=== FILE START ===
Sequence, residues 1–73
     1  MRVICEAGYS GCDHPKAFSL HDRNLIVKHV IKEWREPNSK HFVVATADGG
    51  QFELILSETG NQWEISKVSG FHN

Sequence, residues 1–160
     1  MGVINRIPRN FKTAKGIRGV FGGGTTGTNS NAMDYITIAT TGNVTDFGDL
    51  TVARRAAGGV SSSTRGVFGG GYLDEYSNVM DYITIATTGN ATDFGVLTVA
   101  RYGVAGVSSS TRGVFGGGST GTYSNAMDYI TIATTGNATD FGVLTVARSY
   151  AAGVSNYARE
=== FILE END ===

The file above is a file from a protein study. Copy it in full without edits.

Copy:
Sequence, residues 1–73
     1  MRVICEAGYS GCDHPKAFSL HDRNLIVKHV IKEWREPNSK HFVVATADGG
    51  QFELILSETG NQWEISKVSG FHN

Sequence, residues 1–160
     1  MGVINRIPRN FKTAKGIRGV FGGGTTGTNS NAMDYITIAT TGNVTDFGDL
    51  TVARRAAGGV SSSTRGVFGG GYLDEYSNVM DYITIATTGN ATDFGVLTVA
   101  RYGVAGVSSS TRGVFGGGST GTYSNAMDYI TIATTGNATD FGVLTVARSY
   151  AAGVSNYARE